Young playwright inspired to write own version of ‘Wonder’
MURFREESBORO, Tenn. — Murfreesboro’s Zaden Dill said he is the “real Wonder.”
The 11-year-old wrote, directed and starred in his version of the award-winning movie “Wonder,” which is based on the New York Times best-selling children’s novel of the same name. The story follows Auggie Pullman, a fifth-grade boy with facial differences who navigates a mainstream elementary school for the first time.
In June, the play “Wonder Jr.” appeared on stage for a sold-out show at Victory Christian Center in Murfreesboro, and proceeds benefited Special Kids pediatric nursing and rehabilitation center in Murfreesboro.
“He saw the movie and said he wanted to write (a script) because it so closely relates to us. . It just impacted his life so much . for him to be able to identify with the boy,” said Chel Dill, Zaden’s mother.
Much like Auggie, Zaden’s differences are unmistakably visible and his medical issues have often been life threatening.
The majority of his first year was spent in and out of Monroe Carell Jr. Children’s Hospital at Vanderbilt in Nashville. His problems were so extensive, and unexplained, that doctors have yet to come up with an official diagnosis.
“It’s like his body got to the very end (of development in the womb) and the last 2 percent he stopped developing,” said Eric Dill, Zaden’s father.
By the time Zaden was 8 months old, doctors told his parents to call in hospice care and prepare for his death.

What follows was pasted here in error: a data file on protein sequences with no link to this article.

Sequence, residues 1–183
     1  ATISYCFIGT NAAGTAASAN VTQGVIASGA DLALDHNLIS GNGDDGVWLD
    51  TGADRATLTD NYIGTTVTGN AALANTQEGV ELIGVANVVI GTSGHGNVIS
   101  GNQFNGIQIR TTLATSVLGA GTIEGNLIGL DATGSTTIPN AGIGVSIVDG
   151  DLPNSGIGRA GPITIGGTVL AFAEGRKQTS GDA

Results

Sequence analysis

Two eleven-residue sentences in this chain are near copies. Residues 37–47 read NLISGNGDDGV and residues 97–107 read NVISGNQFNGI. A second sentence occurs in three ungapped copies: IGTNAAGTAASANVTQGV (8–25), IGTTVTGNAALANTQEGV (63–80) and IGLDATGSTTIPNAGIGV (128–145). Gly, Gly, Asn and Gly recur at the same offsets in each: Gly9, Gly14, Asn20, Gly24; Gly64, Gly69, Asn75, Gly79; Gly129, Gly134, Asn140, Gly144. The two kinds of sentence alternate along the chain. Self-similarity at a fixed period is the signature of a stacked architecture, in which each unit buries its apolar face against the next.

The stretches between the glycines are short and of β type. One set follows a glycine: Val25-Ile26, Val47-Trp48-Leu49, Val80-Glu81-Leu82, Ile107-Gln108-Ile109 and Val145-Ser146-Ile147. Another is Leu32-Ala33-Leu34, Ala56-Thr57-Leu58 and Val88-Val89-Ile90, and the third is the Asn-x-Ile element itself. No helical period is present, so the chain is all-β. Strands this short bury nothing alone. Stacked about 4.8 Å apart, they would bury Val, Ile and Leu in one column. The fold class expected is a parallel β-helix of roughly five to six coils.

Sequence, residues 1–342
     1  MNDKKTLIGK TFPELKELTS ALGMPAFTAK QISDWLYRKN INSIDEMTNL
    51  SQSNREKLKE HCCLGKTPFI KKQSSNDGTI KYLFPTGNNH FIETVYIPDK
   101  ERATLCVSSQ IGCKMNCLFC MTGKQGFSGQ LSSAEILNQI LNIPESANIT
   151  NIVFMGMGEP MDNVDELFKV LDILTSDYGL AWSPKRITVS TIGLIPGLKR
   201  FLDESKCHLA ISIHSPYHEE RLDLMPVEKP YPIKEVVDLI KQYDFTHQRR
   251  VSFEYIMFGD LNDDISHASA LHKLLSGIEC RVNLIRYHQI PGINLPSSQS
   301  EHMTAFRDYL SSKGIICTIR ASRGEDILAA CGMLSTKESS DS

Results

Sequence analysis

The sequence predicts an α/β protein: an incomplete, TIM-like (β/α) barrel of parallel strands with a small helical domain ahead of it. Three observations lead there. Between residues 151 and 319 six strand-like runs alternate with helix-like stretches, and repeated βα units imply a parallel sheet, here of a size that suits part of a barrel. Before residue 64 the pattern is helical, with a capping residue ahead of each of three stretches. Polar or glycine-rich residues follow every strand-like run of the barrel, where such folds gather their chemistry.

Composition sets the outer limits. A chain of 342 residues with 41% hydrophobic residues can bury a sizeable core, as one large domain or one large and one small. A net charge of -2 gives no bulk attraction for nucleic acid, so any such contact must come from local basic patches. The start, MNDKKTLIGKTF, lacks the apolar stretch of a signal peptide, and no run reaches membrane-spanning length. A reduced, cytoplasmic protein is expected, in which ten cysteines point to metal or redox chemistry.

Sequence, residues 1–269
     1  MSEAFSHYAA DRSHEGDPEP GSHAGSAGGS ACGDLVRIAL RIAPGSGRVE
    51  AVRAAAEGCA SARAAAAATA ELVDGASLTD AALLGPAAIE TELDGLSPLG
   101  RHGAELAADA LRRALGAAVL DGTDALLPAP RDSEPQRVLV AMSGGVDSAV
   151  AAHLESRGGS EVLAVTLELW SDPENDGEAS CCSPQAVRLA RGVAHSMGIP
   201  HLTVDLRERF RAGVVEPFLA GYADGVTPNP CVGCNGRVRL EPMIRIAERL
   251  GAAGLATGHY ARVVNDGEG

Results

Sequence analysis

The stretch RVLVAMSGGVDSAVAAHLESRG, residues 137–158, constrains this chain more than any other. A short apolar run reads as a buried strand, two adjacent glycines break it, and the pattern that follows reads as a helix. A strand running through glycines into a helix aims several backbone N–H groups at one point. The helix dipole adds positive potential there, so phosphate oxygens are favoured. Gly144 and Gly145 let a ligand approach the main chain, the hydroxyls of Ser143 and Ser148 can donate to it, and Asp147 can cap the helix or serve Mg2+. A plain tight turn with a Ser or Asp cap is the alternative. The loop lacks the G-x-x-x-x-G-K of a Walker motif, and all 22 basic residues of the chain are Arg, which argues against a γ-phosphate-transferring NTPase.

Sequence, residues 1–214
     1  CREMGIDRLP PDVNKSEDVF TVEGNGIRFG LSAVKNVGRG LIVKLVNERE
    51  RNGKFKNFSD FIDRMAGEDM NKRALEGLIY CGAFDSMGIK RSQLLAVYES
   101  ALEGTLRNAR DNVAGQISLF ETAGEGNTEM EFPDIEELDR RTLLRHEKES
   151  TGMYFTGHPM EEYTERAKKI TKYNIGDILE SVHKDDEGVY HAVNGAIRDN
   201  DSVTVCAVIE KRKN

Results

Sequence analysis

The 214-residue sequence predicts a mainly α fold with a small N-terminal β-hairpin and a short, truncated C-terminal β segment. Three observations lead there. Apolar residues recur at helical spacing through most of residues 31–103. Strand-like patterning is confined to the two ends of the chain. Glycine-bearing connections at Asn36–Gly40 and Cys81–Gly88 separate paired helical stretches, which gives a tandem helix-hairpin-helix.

But Zaden beat the odds, and more than 50 surgeries later, the sixth-grader is full of a zest for life that is hard to miss.
He still has a lot of physical challenges.
His eyes have only one muscle each (there are supposed to be six). He has high blood pressure. Because his nose is malformed, he must sleep using a CPAP breathing machine at night. He has Type 1 diabetes and takes four shots daily. And he has severe food allergies.
Even with his long list of physical difficulties, Zaden maintains a positive outlook — most of the time, his mother said. It’s an “I can” attitude she and Eric have encouraged since he was very young.
“I always try to think what I can do when I feel (down). Maybe I can’t play a certain sport at school because I can’t run. But I can think about people who don’t have legs. I need to be grateful for what I do have,” Zaden said.
Although Zaden can’t play sports, he’s found his place on stage.
“Acting is my favorite thing, and I use technology to make mini movies and animations,” said Zaden, who has acted with Perform Murfreesboro youth program and other groups.
The desire to write “Wonder Jr.” came after seeing the movie over the holidays last year. During Christmas break, Chel said her son spent hours and hours going through the movie scene by scene and writing his 28-page script.
Chel said “Wonder” has brought about changes in her son, and it’s inspired him to embrace and be confident in his differences.
“I feel like ‘Wonder’ changed me in the sense that I can be different without being sad. That’s my message to everybody out there. You can be different without being sad. I just find something to be happy about, not just sitting there whining about what I don’t have,” Zaden said. “God gives me joy, even when I’m upset.”
Zaden wants others who are “different” to feel empowered like him.
“He told me . he wanted to encourage other kids in the world that look different that it is OK to look different,” Chel said. “He said, ’Mom, God made us different and special just the way we are, and we should be proud.”
Zaden chimed in, “That you’re beautiful no matter who you are.”
While “Wonder Jr.” has been on stage just once, Eric said he hopes there are more shows in the future.
“I think this is bigger than we think it could be,” Chel said.